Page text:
Accuracy of Substrate Selection by Enzymes Is Controlled by Kinetic Discrimination
Banerjee, Kinshuk; Kolomeisky, Anatoly B.; Igoshin, Oleg A.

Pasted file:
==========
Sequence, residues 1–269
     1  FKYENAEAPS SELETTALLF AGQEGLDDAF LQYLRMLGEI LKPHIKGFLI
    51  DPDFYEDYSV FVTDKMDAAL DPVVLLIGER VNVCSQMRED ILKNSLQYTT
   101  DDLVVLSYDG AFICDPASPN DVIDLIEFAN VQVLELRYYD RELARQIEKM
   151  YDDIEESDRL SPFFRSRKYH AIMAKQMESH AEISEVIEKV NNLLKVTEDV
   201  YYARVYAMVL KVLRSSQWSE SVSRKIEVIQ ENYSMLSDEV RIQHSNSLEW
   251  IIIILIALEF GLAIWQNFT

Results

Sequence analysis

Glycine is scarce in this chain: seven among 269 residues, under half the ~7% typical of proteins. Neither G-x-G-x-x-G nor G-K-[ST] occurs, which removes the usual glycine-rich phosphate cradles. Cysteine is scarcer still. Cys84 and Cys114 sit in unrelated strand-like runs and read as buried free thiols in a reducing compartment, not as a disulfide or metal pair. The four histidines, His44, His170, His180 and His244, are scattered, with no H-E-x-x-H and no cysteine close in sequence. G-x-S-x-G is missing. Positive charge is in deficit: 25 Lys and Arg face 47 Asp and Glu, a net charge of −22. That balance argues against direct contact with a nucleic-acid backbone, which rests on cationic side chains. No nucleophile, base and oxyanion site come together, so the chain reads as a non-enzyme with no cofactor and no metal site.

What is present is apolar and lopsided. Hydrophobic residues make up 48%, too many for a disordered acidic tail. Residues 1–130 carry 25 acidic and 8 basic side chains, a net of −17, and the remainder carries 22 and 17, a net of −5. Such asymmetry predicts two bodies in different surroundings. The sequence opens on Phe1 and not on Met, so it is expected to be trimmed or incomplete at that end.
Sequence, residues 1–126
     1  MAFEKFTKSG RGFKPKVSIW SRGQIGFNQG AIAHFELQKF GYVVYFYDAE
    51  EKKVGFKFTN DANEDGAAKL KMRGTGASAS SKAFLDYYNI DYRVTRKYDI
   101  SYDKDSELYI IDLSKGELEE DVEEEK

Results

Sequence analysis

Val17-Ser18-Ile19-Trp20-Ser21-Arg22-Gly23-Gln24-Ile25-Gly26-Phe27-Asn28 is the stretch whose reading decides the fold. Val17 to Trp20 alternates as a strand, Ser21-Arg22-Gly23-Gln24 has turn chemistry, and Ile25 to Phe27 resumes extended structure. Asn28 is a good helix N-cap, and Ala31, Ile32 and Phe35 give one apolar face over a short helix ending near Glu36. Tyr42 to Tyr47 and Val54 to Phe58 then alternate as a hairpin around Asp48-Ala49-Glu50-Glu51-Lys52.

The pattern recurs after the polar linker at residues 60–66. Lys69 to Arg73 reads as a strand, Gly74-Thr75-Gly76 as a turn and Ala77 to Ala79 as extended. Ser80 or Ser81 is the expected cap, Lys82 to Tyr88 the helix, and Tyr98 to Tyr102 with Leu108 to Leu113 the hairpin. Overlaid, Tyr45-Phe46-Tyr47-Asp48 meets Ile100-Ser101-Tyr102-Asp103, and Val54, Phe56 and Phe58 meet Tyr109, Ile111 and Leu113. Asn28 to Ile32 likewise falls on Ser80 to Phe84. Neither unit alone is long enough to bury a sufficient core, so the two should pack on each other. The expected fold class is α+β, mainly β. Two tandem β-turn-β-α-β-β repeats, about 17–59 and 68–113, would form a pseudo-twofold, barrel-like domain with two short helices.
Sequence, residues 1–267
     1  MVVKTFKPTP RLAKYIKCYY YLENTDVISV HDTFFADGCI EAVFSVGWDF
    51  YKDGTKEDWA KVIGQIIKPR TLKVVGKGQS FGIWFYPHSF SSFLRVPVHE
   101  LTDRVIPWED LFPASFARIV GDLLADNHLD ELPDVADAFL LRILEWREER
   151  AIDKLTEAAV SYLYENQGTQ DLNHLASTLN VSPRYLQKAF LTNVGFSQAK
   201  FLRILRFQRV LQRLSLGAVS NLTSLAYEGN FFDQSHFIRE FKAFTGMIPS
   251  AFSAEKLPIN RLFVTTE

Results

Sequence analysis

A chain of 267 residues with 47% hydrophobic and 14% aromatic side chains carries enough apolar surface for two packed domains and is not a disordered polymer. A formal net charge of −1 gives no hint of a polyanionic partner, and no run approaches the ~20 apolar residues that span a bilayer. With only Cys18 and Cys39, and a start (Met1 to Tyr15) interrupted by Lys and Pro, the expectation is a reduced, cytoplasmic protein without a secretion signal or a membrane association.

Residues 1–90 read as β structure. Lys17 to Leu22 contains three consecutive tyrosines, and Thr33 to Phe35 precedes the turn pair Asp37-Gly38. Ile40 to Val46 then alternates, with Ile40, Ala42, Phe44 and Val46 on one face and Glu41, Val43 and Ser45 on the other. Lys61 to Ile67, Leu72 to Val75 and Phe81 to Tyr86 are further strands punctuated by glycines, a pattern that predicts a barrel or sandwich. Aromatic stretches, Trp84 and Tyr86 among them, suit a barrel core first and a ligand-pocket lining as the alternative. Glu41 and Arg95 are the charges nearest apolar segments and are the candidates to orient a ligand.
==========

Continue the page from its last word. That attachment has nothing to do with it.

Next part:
Enzymes have the remarkable ability to select the correct substrate from the pool of chemically similar molecules. The accuracy of such a selection is determined by differences in the free-energy profiles for the right and wrong reaction pathways. Here, we investigate which features of the free-energy landscape govern the variation and minimization of selectivity error. It is generally believed that minimal error is affected by both kinetic (activation barrier heights) and thermodynamic (binding stability) factors. In contrast, using first-passage theoretical analysis, we show that the steady-state selectivity error is determined only by the differences in transition-state energies between the pathways and is independent of the energies of the stable complexes. The results are illustrated for two common catalytic mechanisms: (i) the Michaelis–Menten scheme and (ii) an error-correcting kinetic proofreading scheme with tRNA selection and DNA replication as guiding biological examples. Our theoretical analysis therefore suggests that the selectivity mechanisms are always kinetically controlled.